The 3 ladies called themselves The Barbarettes.  The fam and me loved their performance immensely (see it here).  This is one of their great cover songs, “Be My Baby” by The Ronettes.

 

the ladies in London

Another cover song by ’em is “Mr. Sandman“.

 

 

Advertisements

13 thoughts on “cartoons, chips, cookies, and a doll

  1. mylilplace

    Great post, Sandmoos…you also bring me back to my childhood with your writing. I used to love canned cookies…and I would still eat them although they were stale. I loved all the cartoons you mentioned. I didn’t get to watch them often as they only showed them once in a while where I lived. Thanks for sharing such a great song! 🙂

    Reply
  2. Barbara Grace Lake

    It seems so strange to me that you had never tasted potato chips or hamburgers when you were young. But of course, I never tasted any Korean foods until I was probably in my forties. I’m happy to see that in many instances cultures are assimilating foods from other cultures so that there is not this fear of something different, of tasting different, of looking different.

    Reply
  3. murisopsis

    Hehe! I remember canned cookies! We never got those as they were too expensive. I always thought of them as “rich people’s” cookies. The first time I had one I was so disappointed because it didn’t taste special at all! In fact it was rather tasteless and dry…

    Reply
    1. krcc Post author

      the cookies were unfortunately not american or european. i dont want to say from where, so that i dont offend the folks from that country. although its not a 3rd world country, it is in asia, and they have some dry food products which i often find to taste/appear questionable. but for kids, any cookie is better than no cookie! 🙆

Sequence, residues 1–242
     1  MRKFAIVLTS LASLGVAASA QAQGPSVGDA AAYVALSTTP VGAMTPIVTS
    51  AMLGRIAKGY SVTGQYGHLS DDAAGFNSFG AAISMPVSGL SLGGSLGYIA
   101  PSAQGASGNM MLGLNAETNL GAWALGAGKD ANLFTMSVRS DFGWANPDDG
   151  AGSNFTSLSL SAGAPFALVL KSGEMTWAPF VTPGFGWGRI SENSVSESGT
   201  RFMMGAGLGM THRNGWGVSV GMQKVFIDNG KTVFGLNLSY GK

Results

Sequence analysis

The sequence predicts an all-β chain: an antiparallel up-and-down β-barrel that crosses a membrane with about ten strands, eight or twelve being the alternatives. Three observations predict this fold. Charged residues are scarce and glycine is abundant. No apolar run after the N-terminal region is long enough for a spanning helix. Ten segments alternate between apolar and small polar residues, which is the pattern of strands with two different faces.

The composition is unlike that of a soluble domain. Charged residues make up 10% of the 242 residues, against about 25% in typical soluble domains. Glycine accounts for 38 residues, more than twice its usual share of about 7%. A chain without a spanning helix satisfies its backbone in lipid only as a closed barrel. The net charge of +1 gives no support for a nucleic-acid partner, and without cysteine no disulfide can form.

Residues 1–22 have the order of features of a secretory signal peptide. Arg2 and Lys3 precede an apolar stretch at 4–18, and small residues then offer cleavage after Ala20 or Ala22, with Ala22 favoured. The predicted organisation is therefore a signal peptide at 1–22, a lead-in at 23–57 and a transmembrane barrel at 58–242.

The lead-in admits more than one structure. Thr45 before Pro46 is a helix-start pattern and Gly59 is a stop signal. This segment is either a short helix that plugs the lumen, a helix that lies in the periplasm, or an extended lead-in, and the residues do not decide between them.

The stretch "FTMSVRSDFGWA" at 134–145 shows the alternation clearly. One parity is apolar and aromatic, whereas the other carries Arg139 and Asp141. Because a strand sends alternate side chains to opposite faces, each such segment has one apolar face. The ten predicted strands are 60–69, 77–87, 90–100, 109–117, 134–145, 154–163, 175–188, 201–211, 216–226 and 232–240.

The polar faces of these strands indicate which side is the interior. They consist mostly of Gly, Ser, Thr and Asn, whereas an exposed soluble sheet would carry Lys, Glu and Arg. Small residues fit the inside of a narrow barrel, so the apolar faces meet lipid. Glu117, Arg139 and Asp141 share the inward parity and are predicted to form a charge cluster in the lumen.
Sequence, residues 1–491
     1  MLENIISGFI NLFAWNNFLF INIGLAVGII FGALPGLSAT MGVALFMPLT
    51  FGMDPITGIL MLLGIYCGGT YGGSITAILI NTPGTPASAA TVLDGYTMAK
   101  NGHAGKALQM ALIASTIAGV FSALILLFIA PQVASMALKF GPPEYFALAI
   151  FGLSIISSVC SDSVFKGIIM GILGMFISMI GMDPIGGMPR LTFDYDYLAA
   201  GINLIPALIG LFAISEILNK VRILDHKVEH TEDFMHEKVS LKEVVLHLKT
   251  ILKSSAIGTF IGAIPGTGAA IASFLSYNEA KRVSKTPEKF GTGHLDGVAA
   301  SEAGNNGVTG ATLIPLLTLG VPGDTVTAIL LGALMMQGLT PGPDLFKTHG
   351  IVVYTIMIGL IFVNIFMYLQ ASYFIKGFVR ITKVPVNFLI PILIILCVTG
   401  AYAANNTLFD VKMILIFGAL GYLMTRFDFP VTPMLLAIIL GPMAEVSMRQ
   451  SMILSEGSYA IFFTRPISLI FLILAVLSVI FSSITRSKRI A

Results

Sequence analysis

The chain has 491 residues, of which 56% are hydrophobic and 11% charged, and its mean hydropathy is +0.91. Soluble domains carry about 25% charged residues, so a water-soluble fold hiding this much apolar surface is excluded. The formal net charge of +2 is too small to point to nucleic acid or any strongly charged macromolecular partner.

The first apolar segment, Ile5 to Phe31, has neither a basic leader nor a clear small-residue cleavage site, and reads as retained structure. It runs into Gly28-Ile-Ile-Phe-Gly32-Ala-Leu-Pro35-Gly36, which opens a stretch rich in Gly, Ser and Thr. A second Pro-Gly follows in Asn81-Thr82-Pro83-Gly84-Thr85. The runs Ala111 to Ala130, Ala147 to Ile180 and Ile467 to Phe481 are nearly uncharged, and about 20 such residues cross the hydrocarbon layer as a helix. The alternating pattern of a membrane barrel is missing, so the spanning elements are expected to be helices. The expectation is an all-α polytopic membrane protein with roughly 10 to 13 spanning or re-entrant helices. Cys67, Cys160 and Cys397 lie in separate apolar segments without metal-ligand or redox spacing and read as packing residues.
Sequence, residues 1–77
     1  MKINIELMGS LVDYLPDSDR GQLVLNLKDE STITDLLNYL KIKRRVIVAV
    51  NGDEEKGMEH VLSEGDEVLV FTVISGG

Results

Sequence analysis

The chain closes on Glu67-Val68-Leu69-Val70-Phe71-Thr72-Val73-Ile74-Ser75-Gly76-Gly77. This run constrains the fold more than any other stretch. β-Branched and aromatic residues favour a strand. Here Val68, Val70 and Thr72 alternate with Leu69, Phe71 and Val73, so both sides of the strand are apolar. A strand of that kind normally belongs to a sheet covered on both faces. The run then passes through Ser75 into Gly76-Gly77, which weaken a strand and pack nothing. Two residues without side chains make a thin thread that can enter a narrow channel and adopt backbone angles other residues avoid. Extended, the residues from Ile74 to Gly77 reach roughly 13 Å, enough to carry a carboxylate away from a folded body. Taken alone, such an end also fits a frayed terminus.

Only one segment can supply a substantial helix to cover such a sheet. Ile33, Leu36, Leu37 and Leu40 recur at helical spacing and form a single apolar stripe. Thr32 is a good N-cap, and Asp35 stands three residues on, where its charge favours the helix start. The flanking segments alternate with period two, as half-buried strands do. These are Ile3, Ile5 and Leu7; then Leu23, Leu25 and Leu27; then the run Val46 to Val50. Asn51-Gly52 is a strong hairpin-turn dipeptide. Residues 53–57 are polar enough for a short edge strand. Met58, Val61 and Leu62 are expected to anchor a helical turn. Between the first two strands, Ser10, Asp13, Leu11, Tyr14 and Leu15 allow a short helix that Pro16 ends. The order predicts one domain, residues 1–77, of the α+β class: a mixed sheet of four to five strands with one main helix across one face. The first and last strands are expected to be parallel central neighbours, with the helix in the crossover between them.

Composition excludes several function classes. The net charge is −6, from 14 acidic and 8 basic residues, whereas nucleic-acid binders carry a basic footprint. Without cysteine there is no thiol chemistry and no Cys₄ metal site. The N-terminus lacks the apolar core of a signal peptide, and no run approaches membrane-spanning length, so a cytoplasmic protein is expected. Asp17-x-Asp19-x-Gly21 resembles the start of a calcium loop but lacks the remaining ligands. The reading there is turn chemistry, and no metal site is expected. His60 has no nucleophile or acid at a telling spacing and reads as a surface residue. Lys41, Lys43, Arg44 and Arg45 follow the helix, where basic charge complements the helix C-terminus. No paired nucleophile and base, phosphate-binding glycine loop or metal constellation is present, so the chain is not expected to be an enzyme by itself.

Reply
  4. buddy71

    burgers…my dad was in the air force and we moved from california to colorado when i was in 6th grade. i cant remember ever having a hamburger until we moved to colorado. my dad took my mom and i to a place that served hamburgers. it was a prequel to mcdonalds. i remember they were extremely tasty and cost .25 cents. the love affair continues to this day. i prefer the basic cheeseburger from mcdonalds as it is the now the nearest thing to keep the memory of my dad alive.

    Reply
  5. theceaselessreaderwrites

    My Dad was in the Army ’til I was 13, and one of the best periods of my youth was living in Seoul when I was in my early teens and before the ’88 Olympics. I enjoy reading about snippets of K-life & K-culture. My daughter, The Girl, is way into K-Pop, and her favorite K-pop band is BTS.

    Reply
  6. ekurie

    Not sad post, real. It’s only sad if it gets the best of us. It didn’t. Great music!

    Reply

shoot yo holla hea

Fill in your details below or click an icon to log in:

WordPress.com Logo

You are commenting using your WordPress.com account. Log Out /  Change )

Google photo

You are commenting using your Google account. Log Out /  Change )

Twitter picture

You are commenting using your Twitter account. Log Out /  Change )

Facebook photo

You are commenting using your Facebook account. Log Out /  Change )

Connecting to %s